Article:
But perhaps in reaction to the rather genteel crimes recounted in these works a much more violent and cynical brand of detective novels appeared, so-called Hardboiled Fiction. Set in North American cities with anti-heroes like Sam Spade and Philip Marlowe, the novels of Dashiell Hamnett, Raymond Chandler and others began in and reflected the period of the Great Depression (1929 to the late 1930s). Hamnett, a former Pinkerton agent, produced Red Harvest in 1929 and The Glass Key in 1931, Chandler’s The Big Sleep and Farewell My Lovely in 1939 and 1940. Direct descendants of hardboiled fiction include Tartan Noir, led by Edinburgh author Ian Rankin’s Knots and Crosses (1987), itself influenced by Stevenson’s Gothick novel Jekyll and Hyde; and television has since popularised other home-grown products such as Nordic Noir, typically the Swedish Wallander novels by Henning Mankell, beginning with Faceless Killer (1991).
Sub-genres now begin to multiply. Crime novels take a psychological twist with Patricia Highsmith’s Strangers on a Train (1950) and The Talented Mr Ripley (1955), P D James’ Cover Her Face (1962) and Ruth Rendell’s From Doon With Death (1964) leading the way. In the early 1980s female private investigators start to take centre stage in novels by US writers Sara Paretsky and Sue Grafton, at the same time as Britain produced the innovative TV series Juliet Bravo centred on two successive female police inspectors. Meanwhile two other closely allied sub-genres, the police procedural and forensic fiction also make their presence felt, with novels by authors such as Faye Kellerman, Patricia Cornwell and Kathy Reichs. Significantly, perhaps, female writers feature prominently in these developments.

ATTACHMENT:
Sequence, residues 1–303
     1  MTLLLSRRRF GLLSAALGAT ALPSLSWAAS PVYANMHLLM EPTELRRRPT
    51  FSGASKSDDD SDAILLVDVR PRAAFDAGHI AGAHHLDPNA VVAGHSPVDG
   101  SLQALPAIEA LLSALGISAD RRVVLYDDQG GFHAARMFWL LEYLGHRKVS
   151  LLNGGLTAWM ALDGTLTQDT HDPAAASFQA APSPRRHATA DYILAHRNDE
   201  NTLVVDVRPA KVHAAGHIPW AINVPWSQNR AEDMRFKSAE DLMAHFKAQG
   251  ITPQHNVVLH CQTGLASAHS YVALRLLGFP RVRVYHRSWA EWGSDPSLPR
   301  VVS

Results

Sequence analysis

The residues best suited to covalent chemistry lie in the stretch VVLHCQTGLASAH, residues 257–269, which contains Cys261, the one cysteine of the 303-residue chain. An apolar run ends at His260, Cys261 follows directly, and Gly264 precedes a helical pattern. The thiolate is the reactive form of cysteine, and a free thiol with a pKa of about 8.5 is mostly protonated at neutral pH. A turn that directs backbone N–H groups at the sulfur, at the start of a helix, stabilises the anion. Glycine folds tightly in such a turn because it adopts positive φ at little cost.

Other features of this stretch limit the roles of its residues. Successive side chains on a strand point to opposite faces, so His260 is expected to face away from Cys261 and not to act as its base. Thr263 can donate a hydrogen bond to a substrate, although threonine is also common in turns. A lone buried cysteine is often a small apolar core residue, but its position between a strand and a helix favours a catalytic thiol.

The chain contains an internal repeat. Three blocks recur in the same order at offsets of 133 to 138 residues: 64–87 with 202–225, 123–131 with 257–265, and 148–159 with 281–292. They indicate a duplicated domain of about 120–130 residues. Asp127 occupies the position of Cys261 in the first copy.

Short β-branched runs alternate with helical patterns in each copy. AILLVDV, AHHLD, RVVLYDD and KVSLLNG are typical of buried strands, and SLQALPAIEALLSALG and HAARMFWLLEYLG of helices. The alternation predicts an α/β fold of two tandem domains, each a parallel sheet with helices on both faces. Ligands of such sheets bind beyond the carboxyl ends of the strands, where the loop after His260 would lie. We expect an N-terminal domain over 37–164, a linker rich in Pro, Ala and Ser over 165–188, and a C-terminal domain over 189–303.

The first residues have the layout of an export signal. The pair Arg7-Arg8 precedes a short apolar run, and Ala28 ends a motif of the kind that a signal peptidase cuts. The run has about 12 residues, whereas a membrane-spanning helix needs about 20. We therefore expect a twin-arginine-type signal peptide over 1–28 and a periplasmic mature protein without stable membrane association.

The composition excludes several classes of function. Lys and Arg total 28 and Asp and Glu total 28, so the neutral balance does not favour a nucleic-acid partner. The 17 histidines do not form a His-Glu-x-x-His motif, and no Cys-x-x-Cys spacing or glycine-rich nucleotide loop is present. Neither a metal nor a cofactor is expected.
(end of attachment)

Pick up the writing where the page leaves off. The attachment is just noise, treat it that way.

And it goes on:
And so the cross-pollination goes on. Spy novels by authors such as John Le Carré blur into thrillers, where action blends with psychological games. Caper or heist novels, maybe with a strong dash of humour, have many detective and thriller elements (I’m thinking of John Boland’s 1958 The League of Gentlemen, made into a successful film two years later); Michael Crichton has made forays into techno-thrillers such as Prey or the famous Jurassic Park, borrowing aspects of science fiction; and Val McDermid writes suspense novels characterised by ‘visceral’ crime and graphic violence.